It’s a single-stator with 3-phase star connected windings this time. The ferrite magnets (16 of them at 50 x 50 mm) are crammed close together. This reduces the moment of inertia and also allows short turns on the coils which reduces overall resistance. Chris could have put a lot more copper into the stator but actually the loading to max out the Classic is only 30 amps (at 100 volts) so he decided that it was efficient enough already.
The big advantage of the Classic controller is that it allow the alternator to work at variable voltage while charging a battery at relatively constant ’24 volts’. By programming the Classic, Chris can keep the tip speed ratio at 6 over a wide range of windspeeds. At the same time the alternator voltage rises in stronger winds, reducing the current in the coils which makes the alternator more efficient. It’s a win/win situation with an MPPT controller (so long as it doesn’t blow up 🙂 ).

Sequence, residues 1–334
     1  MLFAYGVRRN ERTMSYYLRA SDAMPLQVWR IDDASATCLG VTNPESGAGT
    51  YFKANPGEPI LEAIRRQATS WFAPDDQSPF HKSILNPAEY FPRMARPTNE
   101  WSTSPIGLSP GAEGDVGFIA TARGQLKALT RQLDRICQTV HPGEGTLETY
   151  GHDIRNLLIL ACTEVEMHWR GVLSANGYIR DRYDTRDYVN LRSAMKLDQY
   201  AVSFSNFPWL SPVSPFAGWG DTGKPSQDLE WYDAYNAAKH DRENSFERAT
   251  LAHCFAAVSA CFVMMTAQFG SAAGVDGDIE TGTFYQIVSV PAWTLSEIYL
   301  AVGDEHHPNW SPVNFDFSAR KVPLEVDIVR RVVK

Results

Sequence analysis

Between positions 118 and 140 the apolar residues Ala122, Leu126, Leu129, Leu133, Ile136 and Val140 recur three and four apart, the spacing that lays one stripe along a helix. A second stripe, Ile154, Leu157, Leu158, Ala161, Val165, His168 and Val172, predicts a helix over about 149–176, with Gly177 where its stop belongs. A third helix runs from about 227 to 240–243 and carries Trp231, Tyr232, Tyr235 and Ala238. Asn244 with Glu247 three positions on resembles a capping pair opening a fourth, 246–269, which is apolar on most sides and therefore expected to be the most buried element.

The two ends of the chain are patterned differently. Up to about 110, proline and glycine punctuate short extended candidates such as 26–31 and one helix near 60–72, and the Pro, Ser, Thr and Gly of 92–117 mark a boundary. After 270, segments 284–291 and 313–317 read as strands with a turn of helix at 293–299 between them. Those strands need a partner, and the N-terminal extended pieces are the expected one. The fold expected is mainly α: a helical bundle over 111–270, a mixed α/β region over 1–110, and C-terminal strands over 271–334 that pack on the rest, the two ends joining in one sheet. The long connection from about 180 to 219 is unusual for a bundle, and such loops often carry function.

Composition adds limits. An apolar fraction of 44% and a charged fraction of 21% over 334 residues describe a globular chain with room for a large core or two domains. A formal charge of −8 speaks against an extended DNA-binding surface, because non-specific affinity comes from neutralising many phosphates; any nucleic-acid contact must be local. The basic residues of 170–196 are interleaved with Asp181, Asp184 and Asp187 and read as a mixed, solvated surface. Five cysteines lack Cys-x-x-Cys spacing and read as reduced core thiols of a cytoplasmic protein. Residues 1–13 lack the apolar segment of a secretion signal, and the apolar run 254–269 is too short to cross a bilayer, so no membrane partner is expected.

The stator ended up 10.5 mm thick wound with 45 turns of 13 AWG wire. It produces 119.1 volts @ 1,000 rpm with an 18.5 mm air gap. The voltage is about 80% of what I would normally see with a larger hole in the coils, and more widely spaced magnets, but the compact style of construction has potential for much reduced resistance.
Resistance of the star-connected stator is .55 ohm. Losses at 30 amps should therefore be around 500 watts for a 3 kW output. That’s a hot stator but safe with good cooling. I calculate the power dissipation on the surface of the coils to be around 0.5 watts/sqcm (6W/sqinch).
Gear ratio is .4 to 1 (or 2.5 times up-ratio) so it can produce battery voltage at about 100 rpm on the blades – nice for low windspeed cut-in.
here is a video of the turbine mechanical stuff part assembled
The whole story is here.